State v. Nelson, 2017 MT 237 (Sept. 26, 2017) (Wheat, J.) (5-0, aff’d)
Issue: Whether the district court erred in denying Nelson’s motion to suppress.
Short Answer: No.
Facts: In July 2015, a waitress and a coworker called 911 to report a drunk person driving away from the restaurant where they worked. MHP Officer Burson was on patrol when he received the report from dispatch. Eleven minutes after the initial report, he located the vehicle in a hotel parking lot, where he observed it drive from the check-in area to a parking spot. The officer activated his lights and made contact with the driver, Nelson. After conducting a DUI investigation, he arrested Nelson for DUI.
The county attorney charged Nelson with DUI, and Nelson moved to suppress, arguing Officer Burson lacked particularized suspicion to make a stop. The justice court held a hearing and granted Nelson’s motion.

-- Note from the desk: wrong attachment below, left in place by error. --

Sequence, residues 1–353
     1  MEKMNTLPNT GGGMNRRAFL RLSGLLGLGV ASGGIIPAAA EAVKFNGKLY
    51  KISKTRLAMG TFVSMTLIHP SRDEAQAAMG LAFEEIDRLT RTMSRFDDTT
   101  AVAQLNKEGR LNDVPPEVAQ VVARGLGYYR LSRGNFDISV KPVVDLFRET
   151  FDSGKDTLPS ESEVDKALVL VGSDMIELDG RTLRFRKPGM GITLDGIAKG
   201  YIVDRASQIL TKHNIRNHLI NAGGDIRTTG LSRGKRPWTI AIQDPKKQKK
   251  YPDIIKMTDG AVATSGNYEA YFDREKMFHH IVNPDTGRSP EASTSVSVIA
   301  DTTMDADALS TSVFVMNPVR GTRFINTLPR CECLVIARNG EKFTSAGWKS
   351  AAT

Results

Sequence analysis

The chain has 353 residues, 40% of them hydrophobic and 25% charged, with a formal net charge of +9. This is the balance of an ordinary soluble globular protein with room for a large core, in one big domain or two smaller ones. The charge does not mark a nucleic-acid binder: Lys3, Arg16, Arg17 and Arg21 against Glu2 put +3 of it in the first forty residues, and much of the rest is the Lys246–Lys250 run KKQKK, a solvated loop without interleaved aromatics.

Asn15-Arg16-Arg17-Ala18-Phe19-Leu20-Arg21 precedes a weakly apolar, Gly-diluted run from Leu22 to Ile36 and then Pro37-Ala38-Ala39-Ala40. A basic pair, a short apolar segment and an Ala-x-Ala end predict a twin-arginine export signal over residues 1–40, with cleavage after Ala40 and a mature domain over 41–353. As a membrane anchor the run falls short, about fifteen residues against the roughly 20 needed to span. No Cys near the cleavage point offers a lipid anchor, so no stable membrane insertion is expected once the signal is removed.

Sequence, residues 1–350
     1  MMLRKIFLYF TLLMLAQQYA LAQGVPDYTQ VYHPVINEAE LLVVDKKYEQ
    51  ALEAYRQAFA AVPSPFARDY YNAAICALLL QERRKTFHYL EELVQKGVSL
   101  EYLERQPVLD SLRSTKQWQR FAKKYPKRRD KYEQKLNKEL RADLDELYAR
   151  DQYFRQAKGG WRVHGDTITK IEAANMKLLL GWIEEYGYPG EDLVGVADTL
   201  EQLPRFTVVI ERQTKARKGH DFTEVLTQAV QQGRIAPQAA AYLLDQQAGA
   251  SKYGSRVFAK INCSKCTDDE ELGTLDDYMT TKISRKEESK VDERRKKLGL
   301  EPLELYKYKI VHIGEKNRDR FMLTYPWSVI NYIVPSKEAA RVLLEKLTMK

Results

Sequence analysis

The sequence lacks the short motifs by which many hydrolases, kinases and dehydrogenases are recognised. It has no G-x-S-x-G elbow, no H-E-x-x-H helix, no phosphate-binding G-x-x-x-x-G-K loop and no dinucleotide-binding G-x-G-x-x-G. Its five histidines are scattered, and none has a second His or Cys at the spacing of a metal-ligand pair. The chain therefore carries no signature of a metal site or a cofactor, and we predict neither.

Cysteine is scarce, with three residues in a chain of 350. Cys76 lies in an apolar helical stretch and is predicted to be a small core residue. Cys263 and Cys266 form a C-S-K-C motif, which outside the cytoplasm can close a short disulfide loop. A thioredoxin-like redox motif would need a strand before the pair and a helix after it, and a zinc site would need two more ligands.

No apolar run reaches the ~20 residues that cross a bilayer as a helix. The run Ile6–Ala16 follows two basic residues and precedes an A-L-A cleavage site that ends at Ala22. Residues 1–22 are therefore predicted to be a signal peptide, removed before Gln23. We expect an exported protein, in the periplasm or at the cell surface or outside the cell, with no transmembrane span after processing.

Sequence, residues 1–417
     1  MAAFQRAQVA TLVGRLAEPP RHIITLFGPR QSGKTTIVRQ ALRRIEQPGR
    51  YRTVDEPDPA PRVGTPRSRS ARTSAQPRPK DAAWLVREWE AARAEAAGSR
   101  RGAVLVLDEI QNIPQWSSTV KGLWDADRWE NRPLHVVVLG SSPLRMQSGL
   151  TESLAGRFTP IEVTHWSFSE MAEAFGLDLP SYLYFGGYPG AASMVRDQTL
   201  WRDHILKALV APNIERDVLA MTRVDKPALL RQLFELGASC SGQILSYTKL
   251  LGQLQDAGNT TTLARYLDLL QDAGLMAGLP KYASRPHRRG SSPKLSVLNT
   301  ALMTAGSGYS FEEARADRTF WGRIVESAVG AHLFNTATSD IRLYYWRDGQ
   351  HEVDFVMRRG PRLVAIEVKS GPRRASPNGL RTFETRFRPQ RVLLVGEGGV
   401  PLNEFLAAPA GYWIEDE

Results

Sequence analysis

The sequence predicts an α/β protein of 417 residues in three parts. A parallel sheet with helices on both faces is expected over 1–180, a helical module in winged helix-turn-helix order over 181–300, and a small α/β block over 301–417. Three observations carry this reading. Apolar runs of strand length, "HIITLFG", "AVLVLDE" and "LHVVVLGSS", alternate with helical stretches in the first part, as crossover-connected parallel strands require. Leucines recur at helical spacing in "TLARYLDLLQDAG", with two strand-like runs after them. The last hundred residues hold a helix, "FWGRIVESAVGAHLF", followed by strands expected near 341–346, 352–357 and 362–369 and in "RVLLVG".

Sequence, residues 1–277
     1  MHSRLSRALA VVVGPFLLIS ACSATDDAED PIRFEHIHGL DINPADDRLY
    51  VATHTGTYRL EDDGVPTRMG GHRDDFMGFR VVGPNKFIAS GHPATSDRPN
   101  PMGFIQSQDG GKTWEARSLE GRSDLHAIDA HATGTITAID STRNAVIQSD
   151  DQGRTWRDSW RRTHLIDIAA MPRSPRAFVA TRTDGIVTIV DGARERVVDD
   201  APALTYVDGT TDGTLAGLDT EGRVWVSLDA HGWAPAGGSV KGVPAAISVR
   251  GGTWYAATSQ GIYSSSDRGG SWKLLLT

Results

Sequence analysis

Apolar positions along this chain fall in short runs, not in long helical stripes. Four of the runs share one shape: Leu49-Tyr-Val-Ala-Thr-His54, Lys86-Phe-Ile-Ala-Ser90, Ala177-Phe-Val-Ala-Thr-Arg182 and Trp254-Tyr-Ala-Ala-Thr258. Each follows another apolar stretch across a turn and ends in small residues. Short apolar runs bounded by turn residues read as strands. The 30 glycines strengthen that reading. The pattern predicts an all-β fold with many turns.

Procedural Posture & Holding: The state appealed to the district court, which reviewed the issue de novo. After holding an evidentiary hearing, the district court denied the motion to suppress. Nelson entered a nolo contender plea and reserved his right to appeal. He appeals, and the Supreme Court affirms.
Reasoning: Nelson argues the citizen informant’s tip was unreliable. Particularized suspicion is a question of fact, evaluated under the totality of the circumstances. The Pratt factors used to evaluate the reliability of an informant include (1) whether the informant identified herself to the authorities; (2) whether the informant’s report is based on personal observation; and (3) whether the officer’s observations corroborate the informant’s information. Because all three factors were properly met here, the district court’s decision is affirmed.